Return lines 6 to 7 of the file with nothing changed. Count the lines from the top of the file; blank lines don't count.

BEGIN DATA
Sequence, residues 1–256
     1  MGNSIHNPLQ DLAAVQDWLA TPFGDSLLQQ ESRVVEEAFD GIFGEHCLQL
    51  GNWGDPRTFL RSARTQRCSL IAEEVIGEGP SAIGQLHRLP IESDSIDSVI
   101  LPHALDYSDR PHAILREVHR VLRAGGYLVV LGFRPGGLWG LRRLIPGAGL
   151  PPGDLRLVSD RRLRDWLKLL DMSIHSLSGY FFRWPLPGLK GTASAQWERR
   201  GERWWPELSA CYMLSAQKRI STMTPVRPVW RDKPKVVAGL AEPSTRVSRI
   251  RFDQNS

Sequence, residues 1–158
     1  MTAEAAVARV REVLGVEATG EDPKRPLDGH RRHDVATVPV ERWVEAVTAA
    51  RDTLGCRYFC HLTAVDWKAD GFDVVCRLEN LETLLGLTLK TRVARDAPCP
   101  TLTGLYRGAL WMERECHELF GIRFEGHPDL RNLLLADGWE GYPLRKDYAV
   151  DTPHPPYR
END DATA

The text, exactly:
   201  GERWWPELSA CYMLSAQKRI STMTPVRPVW RDKPKVVAGL AEPSTRVSRI
   251  RFDQNS